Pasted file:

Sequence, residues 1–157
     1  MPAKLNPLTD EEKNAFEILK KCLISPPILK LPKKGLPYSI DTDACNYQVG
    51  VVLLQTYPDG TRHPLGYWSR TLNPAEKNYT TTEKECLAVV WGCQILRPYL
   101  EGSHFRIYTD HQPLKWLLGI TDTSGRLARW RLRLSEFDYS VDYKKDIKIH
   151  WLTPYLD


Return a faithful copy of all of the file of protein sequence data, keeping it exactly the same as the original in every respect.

Sequence, residues 1–157
     1  MPAKLNPLTD EEKNAFEILK KCLISPPILK LPKKGLPYSI DTDACNYQVG
    51  VVLLQTYPDG TRHPLGYWSR TLNPAEKNYT TTEKECLAVV WGCQILRPYL
   101  EGSHFRIYTD HQPLKWLLGI TDTSGRLARW RLRLSEFDYS VDYKKDIKIH
   151  WLTPYLD